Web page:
Language matters

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When Anita was a college student, she went to dinner at a white friend’s house. During dinner, the conversation turned to talking about the proper terms to refer to groups. Her friend’s dad insisted that it was okay to call Asians/Asian Americans “Orientals” because it was okay to say that when he was growing up. Anita and her friend tried to convince the dad that while it may have been “okay” at some point, the term was now offensive and that he shouldn’t use it. The dad wasn’t convinced then…but Anita hopes that perhaps he has come to rethink his stance since then. 

We wanted to explore in this post the same kind of reluctance and resistance that we see popping up in various ways around labels and terms that sees new or newly-popular language as a sort of performative wokeness that accomplishes nothing. In recent months, “white privilege” has come under attack and “Latinx” has been a controversial term since it began being circulated.* There’s a sort of knee-jerk skepticism about new language in cultural criticism–the “well, it’s just political correctness” discourse–that often seems to market or mask itself as a “holier than thou” or “smarter than thou” take. This push back seems particularly pointed when this new or newly-invigorated language comes from attempts by young people to change how we talk about identities and groups. We explored this topic before on this blog when we discussed gender identities and pronouns in our two-part conversation with our colleague, Tegra–you can check out those posts here and here

Challenges to vocabulary, dress, music, and ideas perceived as arising from youth cultures, especially when seen as originating from youth from marginalized groups, are, of course, not new. 

Social media exacerbates all of this, we think. We’d love to hear from sociolinguists or social media scholars to confirm our hypothesis: that we see and hear more resistance to new cultural studies language because platforms like Tumblr, Twitter, and TikTok have made it possible for young people to communicate quickly and effectively with each other about their needs, desires, and beliefs–and some of those needs are about being seen and heard the way they want to be seen and heard. In other words, if new language in academic circles is about emphasizing and experimenting with a new frame of knowing (which may or may not prove effective), new language that comes from the ground up (generally teens) emphasizes their right to be recognized in particular ways,  Part of what we see as the resistance is that in the age especially of social media shifts in language seem to happen more rapidly and diverse, often radically opposed opinions more easily occupy the same “virtual” public space.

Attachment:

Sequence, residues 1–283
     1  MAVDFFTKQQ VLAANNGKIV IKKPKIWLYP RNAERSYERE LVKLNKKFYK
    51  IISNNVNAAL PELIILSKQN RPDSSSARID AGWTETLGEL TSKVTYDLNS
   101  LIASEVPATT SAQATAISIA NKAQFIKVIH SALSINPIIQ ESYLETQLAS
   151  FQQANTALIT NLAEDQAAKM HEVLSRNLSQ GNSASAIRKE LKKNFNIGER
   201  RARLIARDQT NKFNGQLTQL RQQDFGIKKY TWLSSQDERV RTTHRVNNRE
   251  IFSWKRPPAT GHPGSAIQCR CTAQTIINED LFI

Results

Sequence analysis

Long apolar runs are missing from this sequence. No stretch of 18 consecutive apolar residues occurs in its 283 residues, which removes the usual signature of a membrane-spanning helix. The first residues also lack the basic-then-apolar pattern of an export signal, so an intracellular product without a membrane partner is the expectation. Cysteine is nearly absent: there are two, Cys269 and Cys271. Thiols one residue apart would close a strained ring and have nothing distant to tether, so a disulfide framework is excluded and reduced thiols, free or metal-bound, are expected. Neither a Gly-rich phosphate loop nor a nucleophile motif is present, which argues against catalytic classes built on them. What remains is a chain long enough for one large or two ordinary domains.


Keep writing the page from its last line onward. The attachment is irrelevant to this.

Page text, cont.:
We are sympathetic to the feeling of being overwhelmed by the ever evolving language and shifting consensus–it can be difficult to “keep up” and especially for us as teachers. We often feel pulled in so many directions as we attempt to create inclusive classrooms while pushing for institutional changes around racism and White Supremacy. We are also sympathetic to  critiques that these kinds of debates perhaps distract us from the kind of structural shifts that need to occur. However, at least in our experience, academics who are critiquing these kinds of language correctness are rarely doing the work of pushing institutions to move towards reparations and redistribution of wealth and resources. Instead, their complaints seem to evince a resentment of having to do the work of learning and admitting that we perhaps don’t know it at all.